Thrombopoietin (TPO) mimetics are potential alternatives to platelet transfusion for reducing blood loss in patients with thrombocytopenia (low platelet count). Based on an identified evidence gap in a previously developed scoping review on existing systematic reviews in the field of platelet transfusion, we conducted a systematic review to identify full economic evaluations and randomized controlled trials assessing the cost-effectiveness of TPO mimetics (e.g. romiplostim, avatrombopag, eltrombopag, lusutrombopag) compared to platelet transfusions or other first-line (corticosteroids or intravenous immunoglobulins) or second-line treatment modalities (immunosuppressants, splenectomy, rituximab, danazol).
Eight databases and registries were searched, resulting in 20 full economic evaluations and 1 randomized controlled trial, which showed that the cost-effectiveness of TPO mimetics, in terms of the incremental cost per quality-adjusted life year (QALY), ranged from a dominant strategy (i.e. cost-saving and clinically superior), to a significant incremental cost per QALY, or a dominated strategy (i.e. increased costs and clinically inferior), see Figure 1.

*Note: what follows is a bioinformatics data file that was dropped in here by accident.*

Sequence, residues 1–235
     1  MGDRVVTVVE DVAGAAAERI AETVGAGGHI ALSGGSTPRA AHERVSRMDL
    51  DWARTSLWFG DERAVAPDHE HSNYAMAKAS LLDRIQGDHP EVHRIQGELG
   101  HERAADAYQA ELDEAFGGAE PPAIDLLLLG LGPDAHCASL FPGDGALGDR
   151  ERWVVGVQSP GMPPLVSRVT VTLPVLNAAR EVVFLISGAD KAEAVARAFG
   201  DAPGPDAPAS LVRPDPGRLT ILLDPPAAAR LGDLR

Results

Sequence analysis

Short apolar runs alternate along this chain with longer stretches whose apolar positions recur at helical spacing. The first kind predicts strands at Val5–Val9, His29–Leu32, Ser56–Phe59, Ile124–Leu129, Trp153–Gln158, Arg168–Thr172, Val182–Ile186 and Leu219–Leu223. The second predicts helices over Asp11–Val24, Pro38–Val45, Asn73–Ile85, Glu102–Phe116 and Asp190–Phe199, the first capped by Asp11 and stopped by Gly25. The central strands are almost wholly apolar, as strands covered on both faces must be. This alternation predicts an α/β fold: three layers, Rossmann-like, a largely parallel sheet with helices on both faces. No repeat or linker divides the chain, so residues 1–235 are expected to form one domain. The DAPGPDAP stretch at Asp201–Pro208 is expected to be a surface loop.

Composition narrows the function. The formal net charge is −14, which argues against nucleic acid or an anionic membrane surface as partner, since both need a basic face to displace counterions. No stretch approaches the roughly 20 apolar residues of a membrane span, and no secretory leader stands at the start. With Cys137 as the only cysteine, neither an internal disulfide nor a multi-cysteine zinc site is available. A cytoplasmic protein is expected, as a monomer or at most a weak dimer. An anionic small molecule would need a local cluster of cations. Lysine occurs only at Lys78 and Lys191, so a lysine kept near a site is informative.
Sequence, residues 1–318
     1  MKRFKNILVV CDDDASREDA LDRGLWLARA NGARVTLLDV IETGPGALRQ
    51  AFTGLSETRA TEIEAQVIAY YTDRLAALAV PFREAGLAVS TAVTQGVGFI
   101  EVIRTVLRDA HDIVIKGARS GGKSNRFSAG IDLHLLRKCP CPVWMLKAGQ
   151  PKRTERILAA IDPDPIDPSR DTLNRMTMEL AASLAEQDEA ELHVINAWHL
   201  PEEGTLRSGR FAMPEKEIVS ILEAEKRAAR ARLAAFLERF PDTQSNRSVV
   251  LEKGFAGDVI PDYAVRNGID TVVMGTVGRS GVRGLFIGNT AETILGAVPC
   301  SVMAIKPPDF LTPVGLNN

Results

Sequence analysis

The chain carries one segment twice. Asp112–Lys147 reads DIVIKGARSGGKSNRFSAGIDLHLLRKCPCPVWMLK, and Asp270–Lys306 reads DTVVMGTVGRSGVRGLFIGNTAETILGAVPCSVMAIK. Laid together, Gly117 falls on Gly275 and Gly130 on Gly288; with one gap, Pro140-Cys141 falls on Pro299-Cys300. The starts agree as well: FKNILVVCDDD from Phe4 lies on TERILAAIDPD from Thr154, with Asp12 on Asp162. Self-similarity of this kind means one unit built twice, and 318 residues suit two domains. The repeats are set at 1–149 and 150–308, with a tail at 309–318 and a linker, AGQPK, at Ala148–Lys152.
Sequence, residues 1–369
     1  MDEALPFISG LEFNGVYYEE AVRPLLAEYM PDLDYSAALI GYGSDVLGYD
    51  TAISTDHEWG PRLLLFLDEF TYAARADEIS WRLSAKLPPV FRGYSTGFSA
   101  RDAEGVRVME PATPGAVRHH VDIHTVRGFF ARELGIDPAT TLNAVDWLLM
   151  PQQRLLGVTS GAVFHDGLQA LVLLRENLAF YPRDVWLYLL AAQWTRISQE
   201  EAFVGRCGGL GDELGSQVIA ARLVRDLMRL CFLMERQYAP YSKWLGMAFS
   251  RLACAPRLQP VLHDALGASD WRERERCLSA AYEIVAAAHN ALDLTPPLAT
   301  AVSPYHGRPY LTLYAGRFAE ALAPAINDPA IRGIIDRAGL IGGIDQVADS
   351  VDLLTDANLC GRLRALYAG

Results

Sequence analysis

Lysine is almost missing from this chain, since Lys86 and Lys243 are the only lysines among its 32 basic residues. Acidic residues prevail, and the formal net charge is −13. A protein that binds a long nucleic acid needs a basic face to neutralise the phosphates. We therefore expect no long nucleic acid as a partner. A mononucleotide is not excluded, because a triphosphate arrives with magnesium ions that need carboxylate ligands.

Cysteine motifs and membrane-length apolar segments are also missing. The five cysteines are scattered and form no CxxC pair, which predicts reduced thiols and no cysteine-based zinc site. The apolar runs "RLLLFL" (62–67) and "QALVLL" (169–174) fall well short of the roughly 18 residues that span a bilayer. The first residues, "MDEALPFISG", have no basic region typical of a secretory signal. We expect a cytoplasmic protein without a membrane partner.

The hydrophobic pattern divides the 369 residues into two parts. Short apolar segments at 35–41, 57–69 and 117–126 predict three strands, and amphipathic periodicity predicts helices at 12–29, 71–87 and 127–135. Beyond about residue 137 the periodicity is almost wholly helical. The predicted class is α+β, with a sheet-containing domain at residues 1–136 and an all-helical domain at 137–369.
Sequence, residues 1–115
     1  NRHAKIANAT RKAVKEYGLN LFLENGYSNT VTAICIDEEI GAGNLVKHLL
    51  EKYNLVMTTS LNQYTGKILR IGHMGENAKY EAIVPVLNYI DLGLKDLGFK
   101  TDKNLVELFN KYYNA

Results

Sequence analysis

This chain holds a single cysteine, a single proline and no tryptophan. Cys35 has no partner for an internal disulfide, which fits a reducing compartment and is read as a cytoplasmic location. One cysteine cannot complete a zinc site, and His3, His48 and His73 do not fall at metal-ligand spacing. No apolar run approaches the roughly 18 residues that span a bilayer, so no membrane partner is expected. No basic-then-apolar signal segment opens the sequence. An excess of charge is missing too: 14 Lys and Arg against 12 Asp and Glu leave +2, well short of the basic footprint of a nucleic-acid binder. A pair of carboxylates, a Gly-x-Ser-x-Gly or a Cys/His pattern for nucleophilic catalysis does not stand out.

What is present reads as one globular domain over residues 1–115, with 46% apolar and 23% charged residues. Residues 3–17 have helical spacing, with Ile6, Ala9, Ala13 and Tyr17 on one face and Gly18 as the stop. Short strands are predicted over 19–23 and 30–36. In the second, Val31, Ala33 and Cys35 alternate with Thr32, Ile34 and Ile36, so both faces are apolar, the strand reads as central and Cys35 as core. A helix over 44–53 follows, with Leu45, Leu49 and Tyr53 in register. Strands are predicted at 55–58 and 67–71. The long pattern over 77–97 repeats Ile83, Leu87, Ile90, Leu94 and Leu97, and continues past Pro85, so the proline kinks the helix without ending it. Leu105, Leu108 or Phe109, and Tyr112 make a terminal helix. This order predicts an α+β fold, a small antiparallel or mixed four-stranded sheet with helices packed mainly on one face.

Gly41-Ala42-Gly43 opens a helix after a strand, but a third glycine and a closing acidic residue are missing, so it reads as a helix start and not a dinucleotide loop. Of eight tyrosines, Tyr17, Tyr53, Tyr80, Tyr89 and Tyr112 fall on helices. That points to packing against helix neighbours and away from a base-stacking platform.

Future validation and tackling the uncertainty of these models with country-specific cost data and up-to-date efficacy, safety, and utility data are needed to increase the generalizability of the current cost-effectiveness estimates and to use these data in international evidence-based guideline initiatives.
This systematic review has been published in Pharmacoeconomics and can be found here.